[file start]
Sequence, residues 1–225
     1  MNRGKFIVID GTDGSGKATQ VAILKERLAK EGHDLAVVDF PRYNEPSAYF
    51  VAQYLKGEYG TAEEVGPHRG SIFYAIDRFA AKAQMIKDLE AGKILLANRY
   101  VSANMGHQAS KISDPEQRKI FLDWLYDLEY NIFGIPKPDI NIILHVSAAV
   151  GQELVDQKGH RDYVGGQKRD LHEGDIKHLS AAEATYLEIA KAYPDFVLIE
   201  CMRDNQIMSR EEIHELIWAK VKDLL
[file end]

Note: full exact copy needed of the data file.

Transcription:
Sequence, residues 1–225
     1  MNRGKFIVID GTDGSGKATQ VAILKERLAK EGHDLAVVDF PRYNEPSAYF
    51  VAQYLKGEYG TAEEVGPHRG SIFYAIDRFA AKAQMIKDLE AGKILLANRY
   101  VSANMGHQAS KISDPEQRKI FLDWLYDLEY NIFGIPKPDI NIILHVSAAV
   151  GQELVDQKGH RDYVGGQKRD LHEGDIKHLS AAEATYLEIA KAYPDFVLIE
   201  CMRDNQIMSR EEIHELIWAK VKDLL